Warfarin Treatment Seen As Superior to Pradaxa
The Chairman of the Department of Medicine at Lenox Hill Hospital in New York City is suggesting that warfarin may be a more effective blood thinning medication than newer ones like Pradaxa.
Speaking at the annual meeting of the American College of Cardiology, Dr. Jack Ansell took issue with a “knee-jerk” trend he was noticing among doctors who took patients off of warfarin in favor of newer medications, such as Pradaxa. Because warfarin is most effective when it is being managed properly, he suggested that doctors ensure they are using the anticoagulant drug effectively before looking to newer drugs instead.
"Warfarin therapy is all about management. If it’s not managed well, you can compare it to anything, and anything is going to be better. And if it’s managed very well, then it’s very difficult to beat warfarin therapy," said Ansell, according to Family Practice News.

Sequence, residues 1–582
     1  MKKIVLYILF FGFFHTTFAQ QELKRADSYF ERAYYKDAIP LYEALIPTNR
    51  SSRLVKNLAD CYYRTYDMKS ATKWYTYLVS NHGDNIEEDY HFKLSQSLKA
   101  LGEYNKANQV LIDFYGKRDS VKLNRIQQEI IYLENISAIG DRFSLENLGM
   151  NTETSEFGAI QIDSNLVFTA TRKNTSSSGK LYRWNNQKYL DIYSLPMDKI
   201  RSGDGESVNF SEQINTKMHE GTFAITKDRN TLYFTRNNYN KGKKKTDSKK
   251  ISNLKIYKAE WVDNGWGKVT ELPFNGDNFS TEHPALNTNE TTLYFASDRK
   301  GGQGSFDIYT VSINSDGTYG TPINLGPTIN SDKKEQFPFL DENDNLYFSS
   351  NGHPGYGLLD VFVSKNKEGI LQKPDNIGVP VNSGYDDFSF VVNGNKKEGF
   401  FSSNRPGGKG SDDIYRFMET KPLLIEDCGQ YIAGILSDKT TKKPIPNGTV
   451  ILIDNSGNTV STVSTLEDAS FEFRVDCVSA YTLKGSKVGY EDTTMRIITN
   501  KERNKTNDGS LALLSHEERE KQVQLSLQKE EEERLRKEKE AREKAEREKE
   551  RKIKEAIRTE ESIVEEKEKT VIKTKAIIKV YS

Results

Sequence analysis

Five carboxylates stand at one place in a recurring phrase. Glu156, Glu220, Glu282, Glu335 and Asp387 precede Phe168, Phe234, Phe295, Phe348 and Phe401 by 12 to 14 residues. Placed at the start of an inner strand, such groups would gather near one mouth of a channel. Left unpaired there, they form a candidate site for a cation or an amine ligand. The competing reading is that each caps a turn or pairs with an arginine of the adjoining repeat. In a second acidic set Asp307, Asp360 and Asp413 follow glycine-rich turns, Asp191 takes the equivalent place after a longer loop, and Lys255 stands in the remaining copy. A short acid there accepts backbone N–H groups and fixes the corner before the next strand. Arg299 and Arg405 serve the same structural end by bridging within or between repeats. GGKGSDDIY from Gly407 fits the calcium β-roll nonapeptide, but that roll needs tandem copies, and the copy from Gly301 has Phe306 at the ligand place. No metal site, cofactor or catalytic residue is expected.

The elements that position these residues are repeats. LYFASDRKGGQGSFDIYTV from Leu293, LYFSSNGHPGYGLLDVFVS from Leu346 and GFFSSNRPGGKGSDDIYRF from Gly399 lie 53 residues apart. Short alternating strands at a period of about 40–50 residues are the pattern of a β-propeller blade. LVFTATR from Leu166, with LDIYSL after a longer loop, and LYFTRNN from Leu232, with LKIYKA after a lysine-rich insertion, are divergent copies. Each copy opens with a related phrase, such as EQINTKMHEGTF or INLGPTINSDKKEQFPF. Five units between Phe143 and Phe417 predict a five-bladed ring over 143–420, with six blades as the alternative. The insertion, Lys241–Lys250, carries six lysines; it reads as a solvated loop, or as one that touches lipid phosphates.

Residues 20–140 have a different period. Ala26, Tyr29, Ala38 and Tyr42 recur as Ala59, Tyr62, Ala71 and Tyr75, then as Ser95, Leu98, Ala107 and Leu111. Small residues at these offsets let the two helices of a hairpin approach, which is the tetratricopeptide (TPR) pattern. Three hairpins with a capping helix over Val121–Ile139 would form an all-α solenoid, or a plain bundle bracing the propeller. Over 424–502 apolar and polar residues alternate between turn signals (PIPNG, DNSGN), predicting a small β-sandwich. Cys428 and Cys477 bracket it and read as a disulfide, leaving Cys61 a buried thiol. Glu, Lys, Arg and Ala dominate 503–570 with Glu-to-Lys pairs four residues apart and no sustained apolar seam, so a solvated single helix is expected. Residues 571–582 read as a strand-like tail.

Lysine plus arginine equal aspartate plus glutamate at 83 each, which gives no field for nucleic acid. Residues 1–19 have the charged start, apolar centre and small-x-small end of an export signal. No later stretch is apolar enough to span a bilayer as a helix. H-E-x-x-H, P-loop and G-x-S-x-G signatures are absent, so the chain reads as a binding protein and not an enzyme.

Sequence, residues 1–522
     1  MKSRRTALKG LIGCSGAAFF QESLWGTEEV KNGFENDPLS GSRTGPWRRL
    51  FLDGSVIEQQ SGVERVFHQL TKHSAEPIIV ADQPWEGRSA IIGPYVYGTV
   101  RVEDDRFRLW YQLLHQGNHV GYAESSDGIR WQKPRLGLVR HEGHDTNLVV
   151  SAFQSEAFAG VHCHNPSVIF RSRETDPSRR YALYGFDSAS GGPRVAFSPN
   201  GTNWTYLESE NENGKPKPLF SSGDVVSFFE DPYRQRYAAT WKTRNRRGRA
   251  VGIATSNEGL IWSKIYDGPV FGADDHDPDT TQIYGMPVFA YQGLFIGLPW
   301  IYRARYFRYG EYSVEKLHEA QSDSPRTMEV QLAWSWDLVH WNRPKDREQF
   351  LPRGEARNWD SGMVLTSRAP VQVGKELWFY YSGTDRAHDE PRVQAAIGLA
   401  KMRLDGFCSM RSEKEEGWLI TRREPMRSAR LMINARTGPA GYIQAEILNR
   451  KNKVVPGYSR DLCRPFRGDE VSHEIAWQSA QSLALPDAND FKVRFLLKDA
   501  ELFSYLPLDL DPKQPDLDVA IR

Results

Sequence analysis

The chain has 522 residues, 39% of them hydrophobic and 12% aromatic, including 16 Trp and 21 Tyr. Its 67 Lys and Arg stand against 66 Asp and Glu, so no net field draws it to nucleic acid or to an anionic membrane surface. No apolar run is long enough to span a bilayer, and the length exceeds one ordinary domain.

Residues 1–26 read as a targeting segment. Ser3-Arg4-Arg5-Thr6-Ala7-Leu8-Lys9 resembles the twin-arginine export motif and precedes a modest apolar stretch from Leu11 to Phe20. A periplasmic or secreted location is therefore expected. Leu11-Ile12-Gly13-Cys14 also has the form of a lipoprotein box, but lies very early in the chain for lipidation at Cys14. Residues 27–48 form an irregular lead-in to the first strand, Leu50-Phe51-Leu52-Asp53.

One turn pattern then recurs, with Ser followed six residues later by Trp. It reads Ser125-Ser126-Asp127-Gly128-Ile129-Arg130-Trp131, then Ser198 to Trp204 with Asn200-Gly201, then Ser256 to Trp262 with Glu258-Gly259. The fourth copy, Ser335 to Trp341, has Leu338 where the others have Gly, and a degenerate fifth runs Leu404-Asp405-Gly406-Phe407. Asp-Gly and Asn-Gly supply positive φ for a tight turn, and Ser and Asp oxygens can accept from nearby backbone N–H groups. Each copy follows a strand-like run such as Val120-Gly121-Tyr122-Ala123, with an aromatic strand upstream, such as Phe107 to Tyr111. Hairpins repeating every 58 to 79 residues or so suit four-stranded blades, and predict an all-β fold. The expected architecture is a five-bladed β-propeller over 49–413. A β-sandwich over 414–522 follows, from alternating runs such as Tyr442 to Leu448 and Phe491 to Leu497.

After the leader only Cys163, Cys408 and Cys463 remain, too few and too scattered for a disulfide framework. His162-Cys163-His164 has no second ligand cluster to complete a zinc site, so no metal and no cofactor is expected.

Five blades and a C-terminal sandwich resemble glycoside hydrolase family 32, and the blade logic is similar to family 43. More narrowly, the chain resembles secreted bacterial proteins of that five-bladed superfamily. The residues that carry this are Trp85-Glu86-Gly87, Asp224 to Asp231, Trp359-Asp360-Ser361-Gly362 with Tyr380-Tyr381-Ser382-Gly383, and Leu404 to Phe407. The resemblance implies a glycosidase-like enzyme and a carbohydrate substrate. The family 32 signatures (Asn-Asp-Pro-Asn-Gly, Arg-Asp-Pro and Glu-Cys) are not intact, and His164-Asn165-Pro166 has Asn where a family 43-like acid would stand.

Ansell supported his assertion with a study he recently led that followed more than 29,000 warfarin patients who had enrolled in a self-test support service. The patients who self-tested on close to a weekly basis had a mean time spent in the therapeutic INR range (TTR) of 74 percent.
He added that while a 2009 trial of Pradaxa featured a control group of warfarin patients that only had a TTR of 64 percent, patients who took warfarin did not have their dosing monitored and tracked effectively.
"This is important because the cost-effectiveness analyses done with dabigatran and the other new anticoagulants suggest that when you get up to a TTR above 70 percent with warfarin, the cost-effectiveness of the new agents diminishes and warfarin actually becomes more cost-effective," Ansell explained.
Another downside to using newer anticoagulant medications such as Pradaxa is the risk the medication may lead to a dangerous medical event. While warfarin has a history or poor drug interactions, it has been around long enough that most of its side effects have been documented. In addition to any unknown dangers that Pradaxa may pose, it has also been linked to a number of adverse bleeding events in the short time it has been available in the U.S.